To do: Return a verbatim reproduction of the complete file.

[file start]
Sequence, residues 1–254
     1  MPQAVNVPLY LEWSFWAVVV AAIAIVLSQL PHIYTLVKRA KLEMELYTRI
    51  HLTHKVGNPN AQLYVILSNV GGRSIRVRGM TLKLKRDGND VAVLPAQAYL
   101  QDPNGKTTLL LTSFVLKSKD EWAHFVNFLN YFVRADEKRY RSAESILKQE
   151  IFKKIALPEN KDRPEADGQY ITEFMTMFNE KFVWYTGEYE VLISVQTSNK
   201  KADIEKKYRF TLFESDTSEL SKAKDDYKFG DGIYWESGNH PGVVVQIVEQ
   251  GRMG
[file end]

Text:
Sequence, residues 1–254
     1  MPQAVNVPLY LEWSFWAVVV AAIAIVLSQL PHIYTLVKRA KLEMELYTRI
    51  HLTHKVGNPN AQLYVILSNV GGRSIRVRGM TLKLKRDGND VAVLPAQAYL
   101  QDPNGKTTLL LTSFVLKSKD EWAHFVNFLN YFVRADEKRY RSAESILKQE
   151  IFKKIALPEN KDRPEADGQY ITEFMTMFNE KFVWYTGEYE VLISVQTSNK
   201  KADIEKKYRF TLFESDTSEL SKAKDDYKFG DGIYWESGNH PGVVVQIVEQ
   251  GRMG